Section 210 of Code of Criminal Procedure, 1973 (Cr.P.C.) – Explained!

This section makes it clear that if the offence inquired into or tried by the Magistrate in the complaint case is also under police investigation, the proceedings of the complaint case will be stayed under Section 210 (1) only for the purpose of calling for a report in the matter from the police officer conducting the investigation.

If the said report is not submitted by the investigating police officer within a reasonable time, the Magistrate is not expected to keep the complaint case stayed for an indefinite period waiting for the investigating agency to file its report. In such cases, the Magistrate can proceed with the complaint case in accordance with law.

Commenting further on this point, the Delhi High Court in State v. Har Narayan, has observed that where the offence (i.e. the act or omission) constitute as facts under police investigation and also in the complaint case, then the provisions of Section 210 will be attracted and it would be possible to amalgamate the case instituted on a complaint and a case instituted on a police report and the Magistrate may proceed With the case as if it were a complaint case.

Where cognizance of an offence was taken on a police report but subsequently on the basis of a private complaint the Court added names of accused persons, which were not mentioned in the police report, it was held that the procedure was not violative of any provision of law. A trial in a complaint case could not be said to be in contravention of Section 210 merely because a report was made at a police outpost.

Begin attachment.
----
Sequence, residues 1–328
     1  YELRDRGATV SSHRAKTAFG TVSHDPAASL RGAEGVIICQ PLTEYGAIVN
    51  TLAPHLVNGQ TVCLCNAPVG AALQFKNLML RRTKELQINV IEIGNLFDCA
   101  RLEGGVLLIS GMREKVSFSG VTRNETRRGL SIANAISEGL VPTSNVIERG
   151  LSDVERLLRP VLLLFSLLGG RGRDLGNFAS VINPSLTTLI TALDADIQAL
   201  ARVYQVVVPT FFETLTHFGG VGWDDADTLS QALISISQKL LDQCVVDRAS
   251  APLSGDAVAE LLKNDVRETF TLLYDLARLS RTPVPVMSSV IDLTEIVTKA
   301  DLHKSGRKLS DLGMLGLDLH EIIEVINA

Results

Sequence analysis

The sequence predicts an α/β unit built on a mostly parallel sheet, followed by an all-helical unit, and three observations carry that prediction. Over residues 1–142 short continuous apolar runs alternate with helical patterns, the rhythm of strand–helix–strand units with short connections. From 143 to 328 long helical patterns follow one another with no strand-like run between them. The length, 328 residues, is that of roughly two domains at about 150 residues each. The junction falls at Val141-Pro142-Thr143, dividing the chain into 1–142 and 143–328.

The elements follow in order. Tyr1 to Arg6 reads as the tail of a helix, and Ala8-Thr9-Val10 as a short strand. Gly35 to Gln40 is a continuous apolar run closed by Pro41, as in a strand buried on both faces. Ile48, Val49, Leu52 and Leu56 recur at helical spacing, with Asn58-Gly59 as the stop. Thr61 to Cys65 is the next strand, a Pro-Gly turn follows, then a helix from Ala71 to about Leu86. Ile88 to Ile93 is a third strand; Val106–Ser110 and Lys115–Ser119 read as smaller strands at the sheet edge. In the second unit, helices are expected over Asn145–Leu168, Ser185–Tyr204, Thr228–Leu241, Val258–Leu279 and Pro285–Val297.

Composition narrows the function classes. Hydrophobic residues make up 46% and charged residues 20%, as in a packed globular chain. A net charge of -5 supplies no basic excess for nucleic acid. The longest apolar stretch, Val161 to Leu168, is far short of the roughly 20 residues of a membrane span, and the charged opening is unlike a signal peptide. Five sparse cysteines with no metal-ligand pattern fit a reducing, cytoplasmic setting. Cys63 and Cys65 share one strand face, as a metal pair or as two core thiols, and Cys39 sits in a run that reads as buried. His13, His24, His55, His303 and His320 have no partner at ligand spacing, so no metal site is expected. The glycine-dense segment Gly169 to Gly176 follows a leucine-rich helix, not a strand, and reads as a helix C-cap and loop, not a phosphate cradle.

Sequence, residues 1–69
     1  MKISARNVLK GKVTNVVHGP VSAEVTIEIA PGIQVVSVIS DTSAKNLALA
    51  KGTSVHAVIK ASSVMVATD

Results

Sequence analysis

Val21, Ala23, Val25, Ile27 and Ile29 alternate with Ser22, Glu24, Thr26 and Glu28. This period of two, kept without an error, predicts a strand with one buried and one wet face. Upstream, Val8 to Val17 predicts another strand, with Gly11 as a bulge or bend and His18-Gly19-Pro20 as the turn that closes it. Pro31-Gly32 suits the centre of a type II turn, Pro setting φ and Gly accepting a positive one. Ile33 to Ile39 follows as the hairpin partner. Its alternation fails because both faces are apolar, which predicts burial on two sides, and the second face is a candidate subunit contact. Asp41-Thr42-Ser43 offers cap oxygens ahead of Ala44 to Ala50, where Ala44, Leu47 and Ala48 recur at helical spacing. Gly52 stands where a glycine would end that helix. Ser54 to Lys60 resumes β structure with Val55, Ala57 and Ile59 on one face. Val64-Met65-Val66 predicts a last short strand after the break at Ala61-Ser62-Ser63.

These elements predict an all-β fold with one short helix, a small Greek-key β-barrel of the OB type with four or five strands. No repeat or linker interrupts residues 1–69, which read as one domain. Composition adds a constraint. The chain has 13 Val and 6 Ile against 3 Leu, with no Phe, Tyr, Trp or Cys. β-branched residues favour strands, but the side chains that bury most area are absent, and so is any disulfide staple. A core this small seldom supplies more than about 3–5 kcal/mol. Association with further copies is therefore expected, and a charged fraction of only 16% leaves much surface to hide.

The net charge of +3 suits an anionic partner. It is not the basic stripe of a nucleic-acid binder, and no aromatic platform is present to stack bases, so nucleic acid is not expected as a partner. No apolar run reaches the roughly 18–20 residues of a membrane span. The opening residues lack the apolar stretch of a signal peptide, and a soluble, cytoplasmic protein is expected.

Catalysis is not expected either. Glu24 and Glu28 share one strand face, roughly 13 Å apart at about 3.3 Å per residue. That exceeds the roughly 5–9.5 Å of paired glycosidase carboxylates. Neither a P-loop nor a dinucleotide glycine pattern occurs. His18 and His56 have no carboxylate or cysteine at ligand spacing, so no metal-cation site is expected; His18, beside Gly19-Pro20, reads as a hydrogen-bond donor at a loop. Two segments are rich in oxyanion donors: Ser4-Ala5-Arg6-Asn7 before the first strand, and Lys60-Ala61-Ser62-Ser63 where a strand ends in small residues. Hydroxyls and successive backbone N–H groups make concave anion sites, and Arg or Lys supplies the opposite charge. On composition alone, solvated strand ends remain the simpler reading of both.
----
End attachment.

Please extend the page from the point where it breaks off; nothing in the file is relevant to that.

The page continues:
In the case of Pritam Singh v. State of Jharkhand, a complaint case was filed when police case was already registered. Therefore directions were issued that complaint case be tagged with police case under Section 210. It was held that the Magistrate had committed error in issuing of arrest warrant passed on first date of taking cognizance, and as such the order issued as non-bailable warrant against the petitiorter was quashed by the High Court.

Where the accused persons were different and offence was different in relation to which cognizance was taken by Court on police report, the Magistrate was justified in taking cognizance against such persons and in relation to that particular offence for which no cognizance had been taken. If cognizance is taken for an offence punishable under Section 306 IPC, it was held that the Magistrate could take cognizance under Section 304 IPC, as the ingredients of the two offences were different.

In Anil Kumar Jha v. State of Bihar, the High Court of Patna held that maintenance proceedings do not relate to any offence as defined in Section 2 (n) of the Code of Criminal Procedure, therefore, the provisions of Section 210 would not apply to such proceeding.

Where there is police investigation and a complaint case in respect of the same offence, the complaint must be deemed to be a police report under Section 210(2) in regard to persons common to both cases and the accused person not involved in the police case can be proceeded against under sub-clause (3) of Section 210 of the Code.

In Ningombam Ranjit Singh v. Yumnam Premila Devi, the F.I.R. was lodged by the complainant wife against the accused (her husband) for re-marrying during subsistence of first marriage. The complaint case was filed subsequently while investigation of the said F.I.R. case for the same subject matter was in progress. The Court held that the application filed by the accused under Section 210, Cr. P.C. was maintainable but such staying would only be for a reasonable period.